Technology Education considering children’s needs
Evidence-based development of Inclusive materials for learning with robots at primary level
Keywords:Technological Problemsolving, Inclusion, basic needs, learning robots
The developmental task inclusion effects the design of teaching and learning regarding technology education at primary level. National studies have addressed the issue and have devoted efforts to theory-based development of conditions for inclusive education and their empirical substantiation (Schröer & Tenberge 2022).
In German primary schools the subject ‘Sachunterricht’ includes among other domains technology education. An essential field of research is shaping the developmental task inclusion in the context of technology education. However, narrowing down the concept of inclusive education for the multiperspective school subject ‘Sachunterricht’ is complex (Seitz 2018). The use of potentials and consideration of individual needs is one distinguishable context when conceptualizing inclusive education in ‘Sachunterricht’.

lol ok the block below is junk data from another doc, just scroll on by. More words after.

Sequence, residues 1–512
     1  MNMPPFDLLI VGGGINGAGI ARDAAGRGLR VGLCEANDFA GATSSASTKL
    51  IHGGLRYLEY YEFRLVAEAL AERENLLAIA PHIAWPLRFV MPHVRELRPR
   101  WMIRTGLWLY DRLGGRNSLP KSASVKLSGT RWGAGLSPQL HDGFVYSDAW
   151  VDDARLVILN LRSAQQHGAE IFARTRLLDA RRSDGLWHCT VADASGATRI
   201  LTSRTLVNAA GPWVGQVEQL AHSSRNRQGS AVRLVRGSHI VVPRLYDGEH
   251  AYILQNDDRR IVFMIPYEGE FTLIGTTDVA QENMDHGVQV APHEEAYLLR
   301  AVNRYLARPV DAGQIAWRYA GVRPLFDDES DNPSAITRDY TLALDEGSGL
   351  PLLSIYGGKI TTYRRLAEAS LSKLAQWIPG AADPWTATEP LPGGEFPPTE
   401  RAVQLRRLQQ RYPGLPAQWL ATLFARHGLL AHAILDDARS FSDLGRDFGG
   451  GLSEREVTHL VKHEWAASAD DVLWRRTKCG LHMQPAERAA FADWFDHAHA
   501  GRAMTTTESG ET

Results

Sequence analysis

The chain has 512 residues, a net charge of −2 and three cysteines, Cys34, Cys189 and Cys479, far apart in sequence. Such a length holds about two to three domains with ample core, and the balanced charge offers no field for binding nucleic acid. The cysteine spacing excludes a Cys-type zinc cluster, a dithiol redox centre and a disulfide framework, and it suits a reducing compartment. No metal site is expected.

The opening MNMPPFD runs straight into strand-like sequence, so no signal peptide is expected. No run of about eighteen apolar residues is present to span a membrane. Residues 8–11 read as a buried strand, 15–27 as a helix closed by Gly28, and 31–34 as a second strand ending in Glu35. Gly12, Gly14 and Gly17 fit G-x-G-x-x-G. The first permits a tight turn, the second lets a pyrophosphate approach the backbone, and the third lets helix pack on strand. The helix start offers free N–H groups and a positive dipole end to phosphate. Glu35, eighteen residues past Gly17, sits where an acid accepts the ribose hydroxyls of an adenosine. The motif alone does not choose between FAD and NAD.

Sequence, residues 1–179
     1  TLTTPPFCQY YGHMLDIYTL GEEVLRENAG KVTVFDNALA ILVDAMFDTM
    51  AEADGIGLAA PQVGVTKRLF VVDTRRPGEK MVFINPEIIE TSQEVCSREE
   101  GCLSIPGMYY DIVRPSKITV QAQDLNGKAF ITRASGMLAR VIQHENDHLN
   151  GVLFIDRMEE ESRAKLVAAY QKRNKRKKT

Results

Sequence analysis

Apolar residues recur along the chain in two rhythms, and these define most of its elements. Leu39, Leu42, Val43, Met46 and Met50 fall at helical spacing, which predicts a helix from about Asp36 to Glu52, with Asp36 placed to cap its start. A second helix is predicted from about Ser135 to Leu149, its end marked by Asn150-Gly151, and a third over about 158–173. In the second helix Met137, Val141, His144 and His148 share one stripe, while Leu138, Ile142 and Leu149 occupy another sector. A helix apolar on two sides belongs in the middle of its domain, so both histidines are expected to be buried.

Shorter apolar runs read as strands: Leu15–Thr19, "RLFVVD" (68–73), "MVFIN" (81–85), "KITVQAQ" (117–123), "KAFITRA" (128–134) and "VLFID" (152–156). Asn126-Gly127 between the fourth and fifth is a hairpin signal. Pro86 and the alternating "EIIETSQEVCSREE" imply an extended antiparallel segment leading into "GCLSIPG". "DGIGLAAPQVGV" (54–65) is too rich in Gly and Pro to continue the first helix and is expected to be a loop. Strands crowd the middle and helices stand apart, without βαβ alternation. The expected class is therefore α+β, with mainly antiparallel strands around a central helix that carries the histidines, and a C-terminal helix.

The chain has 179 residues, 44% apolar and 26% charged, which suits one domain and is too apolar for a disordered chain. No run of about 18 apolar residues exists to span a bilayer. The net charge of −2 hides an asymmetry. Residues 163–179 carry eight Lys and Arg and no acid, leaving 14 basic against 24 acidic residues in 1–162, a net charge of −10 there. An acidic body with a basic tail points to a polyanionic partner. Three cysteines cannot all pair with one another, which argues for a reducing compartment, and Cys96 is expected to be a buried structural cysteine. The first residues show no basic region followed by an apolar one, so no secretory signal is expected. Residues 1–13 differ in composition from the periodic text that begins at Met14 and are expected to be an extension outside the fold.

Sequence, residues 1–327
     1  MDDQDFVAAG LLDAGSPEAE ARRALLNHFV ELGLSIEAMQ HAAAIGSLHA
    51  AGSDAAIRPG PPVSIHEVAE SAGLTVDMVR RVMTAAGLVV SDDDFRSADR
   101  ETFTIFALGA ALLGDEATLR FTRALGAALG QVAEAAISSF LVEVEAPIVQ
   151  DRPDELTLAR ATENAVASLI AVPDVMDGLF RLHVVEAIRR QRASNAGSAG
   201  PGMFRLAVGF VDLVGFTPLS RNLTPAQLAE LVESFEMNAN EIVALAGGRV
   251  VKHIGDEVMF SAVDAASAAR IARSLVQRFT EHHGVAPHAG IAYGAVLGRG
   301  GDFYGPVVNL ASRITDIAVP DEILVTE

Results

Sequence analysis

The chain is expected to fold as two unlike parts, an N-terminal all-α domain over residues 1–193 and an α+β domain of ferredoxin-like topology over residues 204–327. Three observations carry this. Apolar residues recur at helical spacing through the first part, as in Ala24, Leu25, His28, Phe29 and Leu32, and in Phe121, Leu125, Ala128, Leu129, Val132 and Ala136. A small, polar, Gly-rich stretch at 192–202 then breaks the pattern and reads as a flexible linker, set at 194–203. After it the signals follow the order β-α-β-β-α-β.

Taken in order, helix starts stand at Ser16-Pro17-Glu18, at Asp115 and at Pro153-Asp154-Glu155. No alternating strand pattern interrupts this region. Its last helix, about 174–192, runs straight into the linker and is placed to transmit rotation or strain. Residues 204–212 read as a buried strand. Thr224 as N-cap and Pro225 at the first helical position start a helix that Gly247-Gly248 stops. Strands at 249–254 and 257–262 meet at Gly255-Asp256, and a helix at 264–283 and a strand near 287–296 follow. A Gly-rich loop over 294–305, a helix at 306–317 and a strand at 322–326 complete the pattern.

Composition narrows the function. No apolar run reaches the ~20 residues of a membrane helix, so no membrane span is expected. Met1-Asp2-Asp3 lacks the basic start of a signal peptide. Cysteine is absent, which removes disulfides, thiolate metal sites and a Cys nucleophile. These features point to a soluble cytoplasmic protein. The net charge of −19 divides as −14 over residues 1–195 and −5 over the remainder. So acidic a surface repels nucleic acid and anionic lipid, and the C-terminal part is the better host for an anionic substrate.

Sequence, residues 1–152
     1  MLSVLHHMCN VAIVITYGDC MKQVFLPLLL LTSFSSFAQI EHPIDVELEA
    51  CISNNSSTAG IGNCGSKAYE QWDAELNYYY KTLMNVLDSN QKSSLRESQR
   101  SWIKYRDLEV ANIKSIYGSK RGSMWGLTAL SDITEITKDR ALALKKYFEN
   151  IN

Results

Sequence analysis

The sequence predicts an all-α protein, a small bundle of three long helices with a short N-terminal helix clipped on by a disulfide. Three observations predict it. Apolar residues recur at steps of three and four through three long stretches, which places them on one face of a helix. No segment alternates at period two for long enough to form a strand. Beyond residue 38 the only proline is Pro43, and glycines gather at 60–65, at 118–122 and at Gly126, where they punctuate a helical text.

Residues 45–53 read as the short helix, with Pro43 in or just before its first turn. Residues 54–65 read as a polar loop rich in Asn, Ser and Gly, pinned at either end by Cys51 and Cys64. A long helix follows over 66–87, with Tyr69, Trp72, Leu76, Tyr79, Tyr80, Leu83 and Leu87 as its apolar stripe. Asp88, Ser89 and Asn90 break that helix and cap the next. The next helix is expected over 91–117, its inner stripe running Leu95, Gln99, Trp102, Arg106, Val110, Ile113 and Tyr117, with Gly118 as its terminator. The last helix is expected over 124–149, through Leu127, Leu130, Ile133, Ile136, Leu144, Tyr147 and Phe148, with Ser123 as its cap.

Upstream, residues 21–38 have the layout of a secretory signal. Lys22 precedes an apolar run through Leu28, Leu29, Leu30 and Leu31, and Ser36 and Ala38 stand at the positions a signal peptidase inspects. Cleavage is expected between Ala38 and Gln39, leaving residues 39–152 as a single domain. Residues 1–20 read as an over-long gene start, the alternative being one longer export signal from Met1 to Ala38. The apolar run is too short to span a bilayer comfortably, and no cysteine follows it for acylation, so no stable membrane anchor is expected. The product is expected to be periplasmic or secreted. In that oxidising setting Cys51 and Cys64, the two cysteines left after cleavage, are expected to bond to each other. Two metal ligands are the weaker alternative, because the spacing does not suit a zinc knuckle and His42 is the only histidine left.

The consideration of needs in classrooms can be substantiated based on the theory of basic needs (Krapp 2005). Research demonstrates that problemsolving activities with varying degrees of self-direction take different needs into account (Tenberge 2002; Beinbrech 2003). However, the design and substantiation of learning settings, that regard to pupils needs, have so far been largely omitted by research.
This justifies the idea of the presented research project. Based on the theory of basic needs, rooted in developmental psychology (Ryan & Deci 2018), a set of problems and tasks for problemsolving with the learning robot Bluebot™ was developed. Learning settings were tested in classrooms and evaluated in a first cycle to adapt them based on evidence. Preliminary findings of pre-post comparisons show effects on problemsolving skills and self-efficacy.
The present article falls into four sections of which the first one will define the fundamental concepts addressed. After substantiating the requirements of inclusive technology education, section two will introduce the adaptive set of tasks for technological problemsolving at primary level. Based on the methodical framework in section three, preliminary findings from the first cycle of a design-based-research project are presented and discussed.
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Copyright (c) 2023 Franz Schröer, Claudia Tenberge
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